IRFU rules out purchasing FAI interest in Aviva Stadium

Rugby’s governing body has ruled out buying the FAI’s stake in the Aviva Stadium after speculation that such a move could provide a short-term measure to ease the crisis-ridden sporting body’s financial woes.

IRFU rules out purchasing FAI interest in Aviva Stadium

Rugby’s governing body has ruled out buying the FAI’s stake in the Aviva Stadium after speculation that such a move could provide a short-term measure to ease the crisis-ridden sporting body’s financial woes.

The IRFU and FAI have a joint venture called New Stadium DAC which owns and operates the Aviva Stadium, and rugby officials met counterparts from the Department of Transport, Tourism, and Sport to discuss matters relating to the Dublin venue.

With the FAI saddled with liabilities of over €60m, and given Wednesday’s revelation that the footballing body sought an €18m government bailout, the sale of its stake in the Aviva Stadium had been proposed as a means to alleviate its financial crisis.

While it remains to be seen if this stake could be sold to a third party, the IRFU said it will not be stepping in to buy the FAI’s interest in the stadium.

“In light of recent events the IRFU requested a meeting with the Department of Transport, Tourism, and Sport and we met with department officials today to discuss the operations of New Stadium DAC (Aviva Stadium), which is a joint venture of the IRFU and the FAI,” read a statement from the IRFU.

“It was agreed at that meeting that the IRFU will continue to liaise with the Department of Transport, Tourism, and Sport in relation to the ongoing operations of the stadium company.”

The IRFU said its funding is fully committed to an investment programme focused on the development of rugby at all levels.

Politically, focus has moved towards calls for the State to either buy the FAI stake in the stadium or guarantee its debts.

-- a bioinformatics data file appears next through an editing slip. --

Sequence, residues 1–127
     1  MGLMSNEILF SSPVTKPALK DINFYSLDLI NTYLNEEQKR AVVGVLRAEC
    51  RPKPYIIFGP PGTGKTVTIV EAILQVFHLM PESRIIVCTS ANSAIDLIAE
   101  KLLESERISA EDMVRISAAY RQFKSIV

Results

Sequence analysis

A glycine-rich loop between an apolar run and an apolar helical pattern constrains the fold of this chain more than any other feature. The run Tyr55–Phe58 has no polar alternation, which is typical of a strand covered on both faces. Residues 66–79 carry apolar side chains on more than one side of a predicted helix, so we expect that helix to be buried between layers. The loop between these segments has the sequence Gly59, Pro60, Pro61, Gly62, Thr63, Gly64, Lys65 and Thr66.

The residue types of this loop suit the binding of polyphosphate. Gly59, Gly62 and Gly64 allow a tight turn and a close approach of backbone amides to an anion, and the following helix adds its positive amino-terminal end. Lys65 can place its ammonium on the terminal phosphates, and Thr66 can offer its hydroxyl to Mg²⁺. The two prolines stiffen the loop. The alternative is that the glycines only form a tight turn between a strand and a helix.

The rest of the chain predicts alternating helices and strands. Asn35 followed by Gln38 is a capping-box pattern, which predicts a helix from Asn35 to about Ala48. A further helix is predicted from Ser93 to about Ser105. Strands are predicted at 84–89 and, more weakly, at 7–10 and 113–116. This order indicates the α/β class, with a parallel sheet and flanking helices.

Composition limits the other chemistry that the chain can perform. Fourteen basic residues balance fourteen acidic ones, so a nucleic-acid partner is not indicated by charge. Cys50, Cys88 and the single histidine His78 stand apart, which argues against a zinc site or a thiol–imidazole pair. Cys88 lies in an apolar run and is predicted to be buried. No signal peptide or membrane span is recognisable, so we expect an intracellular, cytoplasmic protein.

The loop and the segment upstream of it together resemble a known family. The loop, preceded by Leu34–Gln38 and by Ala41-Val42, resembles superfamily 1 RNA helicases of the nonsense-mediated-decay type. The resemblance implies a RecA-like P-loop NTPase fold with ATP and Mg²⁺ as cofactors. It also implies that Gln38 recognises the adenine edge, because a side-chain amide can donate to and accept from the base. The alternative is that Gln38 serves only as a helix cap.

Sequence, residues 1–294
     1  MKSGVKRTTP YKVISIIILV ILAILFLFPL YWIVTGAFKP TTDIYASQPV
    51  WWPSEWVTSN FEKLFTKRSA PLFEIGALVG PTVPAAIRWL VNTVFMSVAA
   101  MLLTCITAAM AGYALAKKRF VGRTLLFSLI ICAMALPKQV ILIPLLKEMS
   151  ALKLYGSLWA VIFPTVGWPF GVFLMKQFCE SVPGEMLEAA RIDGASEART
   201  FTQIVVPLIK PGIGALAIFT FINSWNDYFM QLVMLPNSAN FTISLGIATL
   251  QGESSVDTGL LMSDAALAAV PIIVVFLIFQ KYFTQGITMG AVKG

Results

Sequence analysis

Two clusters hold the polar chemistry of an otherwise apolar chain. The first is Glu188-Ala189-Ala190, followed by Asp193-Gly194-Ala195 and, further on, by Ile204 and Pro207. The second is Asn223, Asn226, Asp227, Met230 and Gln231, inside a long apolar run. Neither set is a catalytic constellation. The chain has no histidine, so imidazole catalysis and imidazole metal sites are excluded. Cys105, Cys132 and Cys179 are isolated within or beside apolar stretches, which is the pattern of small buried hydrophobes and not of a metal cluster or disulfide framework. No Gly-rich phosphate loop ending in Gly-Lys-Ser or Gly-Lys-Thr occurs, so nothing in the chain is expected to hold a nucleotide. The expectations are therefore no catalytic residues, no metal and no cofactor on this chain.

Oireachtas sports committee chair and Fine Gael TD Fergus O’Dowd said the Government cannot allow the FAI to fail, but that new directors are needed in the FAI before the State could buy the FAI’s stake in the stadium.

Sinn Féin TD Jonathan O’Brien said he would support the State buying the interest in the stadium if it was to protect football in Ireland, but said the FAI has “kept its card close to its chest”. He said it is uncertain if such a move would be enough to save the association.

“Everyone has to agree that the FAI cannot be liquidated,” he told Sean O’Rourke on RTE Radio 1.

If we start with that point, then I think we can move forward. There are other options, maybe that need to be looked at.

“But if we all come to the agreement, it cannot be allowed to be liquidated, then the league will be protected, national teams will be protected, and football will be protected.”

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From florist to fraudster, leaving a trail of destruction from North Cork, to Waterford, to Clare, to Wexford and through the midlands ... learn how mistress of re-invention, Catherine O'Brien, scammed her way around rural Ireland.

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